Against the familiar view of puritans as killjoys, this study reveals a neglected strand of puritan theology in the writings and pastoral work of Ralph Venning, an Independent divine who emphasized the importance of inner happiness and personal piety.
Observations on Modern Gardening
An Eighteenth-Century Study of the English Landscape Garden
First published in 1770, Thomas Whately’s comprehensive study of the English landscape garden became the standard text on the subject both in Britain and abroad. This first modern edition is accompanied by an introduction and commentary, alongside contemporary illustrations of the gardens and places discussed. It makes available to the modern reader a crucial primary source on what is often regarded as this country’s greatest original contribution to the arts.
A New History of Yachting
A few English aristocrats had pleasure yachts from as early as the mid 17th century and the hobby grew considerably in the following centuries, despite remaining the preserve of the wealthy. This history charts the evolution of yachting through the golden age before the First World War and into the era of affordable dinghies, plastic moulded hulls, and the record-breaking voyages of single-handed ocean sailors in recent decades.
Masques, Mayings and Music-Dramas
Vaughan Williams and the Early Twentieth-Century Stage
These eight essays elucidate a significant moment in the renaissance of English music-theatre. Focusing particularly on Vaughan Williams, they show how Wagner’s ideas influenced English composers who were reimagining dramatic traditions going back to Mummers’ plays, 17th-century masques and the music of Purcell.
The Life and Works of Robert Baillie (1602–1662)
Politics, Religion and Record-Keeping in the British Civil Wars
The letters of the Glaswegian minister Robert Baillie (1620–1662) are a common source for the history of Scotland during the violent years 1637–1660. This first biography of Baillie establishes his significance as a polemicist, theologian and contemporary historian.
Informal Justice in England and Wales, 1760–1914
The Courts of Popular Opinion
Examining ‘unofficial justice as visited upon malefactors by the collective actions of private citizens’, Stephen Banks gives a scholarly account of public shaming rituals, or ‘rough music’, and the punishments imposed for crimes such as wife-beating or informing.
A History of the Abbey of Bury St Edmunds, 1257–1301
Simon of Luton and John of Northwold
St Edmund’s Abbey, one of the country’s wealthiest religious houses, was closely involved with the central government of medieval England. This history, which covers the rule of two 13th-century abbots, uses evidence from the abbey’s extensive surviving records to provide insights into its governance and economy in difficult times as well as its religious, intellectual and cultural life. The monks’ dietary regime is examined in an appendix featuring recipes from the archives.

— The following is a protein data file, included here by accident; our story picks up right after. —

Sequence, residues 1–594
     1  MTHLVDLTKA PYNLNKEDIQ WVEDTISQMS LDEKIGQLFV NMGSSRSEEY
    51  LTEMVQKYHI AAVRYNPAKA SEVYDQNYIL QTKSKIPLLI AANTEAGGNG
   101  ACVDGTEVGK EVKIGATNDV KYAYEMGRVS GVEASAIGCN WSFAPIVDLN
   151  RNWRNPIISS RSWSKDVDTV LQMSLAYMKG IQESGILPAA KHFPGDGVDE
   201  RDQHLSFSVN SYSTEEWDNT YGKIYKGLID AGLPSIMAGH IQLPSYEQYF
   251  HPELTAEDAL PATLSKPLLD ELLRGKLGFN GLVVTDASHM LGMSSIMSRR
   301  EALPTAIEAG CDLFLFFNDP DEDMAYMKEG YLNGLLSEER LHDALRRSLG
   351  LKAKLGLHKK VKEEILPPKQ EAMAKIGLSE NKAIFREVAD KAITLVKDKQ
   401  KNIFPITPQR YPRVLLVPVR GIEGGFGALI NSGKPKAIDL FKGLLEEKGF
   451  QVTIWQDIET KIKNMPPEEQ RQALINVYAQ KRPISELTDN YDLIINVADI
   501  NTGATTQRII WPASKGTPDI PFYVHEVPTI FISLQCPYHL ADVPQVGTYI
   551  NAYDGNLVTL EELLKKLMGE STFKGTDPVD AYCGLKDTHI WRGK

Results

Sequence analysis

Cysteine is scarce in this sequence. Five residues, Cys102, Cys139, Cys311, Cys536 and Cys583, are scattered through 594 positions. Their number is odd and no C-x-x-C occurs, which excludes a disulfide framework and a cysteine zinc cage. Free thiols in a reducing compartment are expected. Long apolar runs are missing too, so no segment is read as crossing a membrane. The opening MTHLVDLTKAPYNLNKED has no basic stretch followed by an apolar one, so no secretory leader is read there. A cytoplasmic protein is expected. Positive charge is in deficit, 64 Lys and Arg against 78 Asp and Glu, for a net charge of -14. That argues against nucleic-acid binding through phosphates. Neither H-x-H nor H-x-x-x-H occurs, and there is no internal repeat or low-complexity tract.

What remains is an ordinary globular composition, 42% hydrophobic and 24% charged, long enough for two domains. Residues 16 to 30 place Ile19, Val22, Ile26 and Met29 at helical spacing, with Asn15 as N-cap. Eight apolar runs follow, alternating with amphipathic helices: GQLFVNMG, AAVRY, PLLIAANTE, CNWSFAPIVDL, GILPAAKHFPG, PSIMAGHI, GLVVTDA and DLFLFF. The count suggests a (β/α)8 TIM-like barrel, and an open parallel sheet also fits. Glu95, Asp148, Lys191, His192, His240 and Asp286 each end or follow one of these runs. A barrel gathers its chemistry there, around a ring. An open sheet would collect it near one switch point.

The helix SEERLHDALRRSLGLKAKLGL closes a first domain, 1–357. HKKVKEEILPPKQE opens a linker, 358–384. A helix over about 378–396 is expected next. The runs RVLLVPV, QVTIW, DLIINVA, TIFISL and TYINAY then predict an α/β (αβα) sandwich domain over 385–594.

Containing 450 letters (in English translation), this volume sheds light on the life and work of the important Viennese music theorist. His communications with such figures as Wilhelm Furtwängler and Paul Hindemith reveal the nature and extent of his influence as teacher, writer and administrator.
One of the first internationally famous conductors, Richter (1843–1916) premiered works by Wagner, Brahms and Elgar. Fifield’s detailed biography draws on the letters and diaries of Richter and other prominent musicians; this expanded edition also features his complete ‘conducting books’ documenting 4,351 public performances. (Previously published as True Artist and True Friend.)
Encounters with British Composers
This collection of interviews provides insights into the daily routines and compositional processes of 39 contemporary British composers, including John Rutter, Sir Harrison Birtwistle and two Masters of the Queen’s Music (Judith Weir and Sir Peter Maxwell Davies). These eminent musicians, who work in a wide range of styles, also answer questions about the function and purpose of music, discuss the influence of Britishness on their work and share their advice for young composers.
Edward III's Round Table at Windsor
The House of the Round Table and the Windsor Festival of 1344
In 1344, Edward III proposed forming a secular order of knights, the Order of the Round Table, and building a home for its gatherings. This book describes the archaeological evidence for that fabled Domus Rotunde Tabulae, unearthed by the BBC’s Time Team in 2006.
Education in Twelfth-Century Art and Architecture
Images of Learning in Europe, c.1100–1220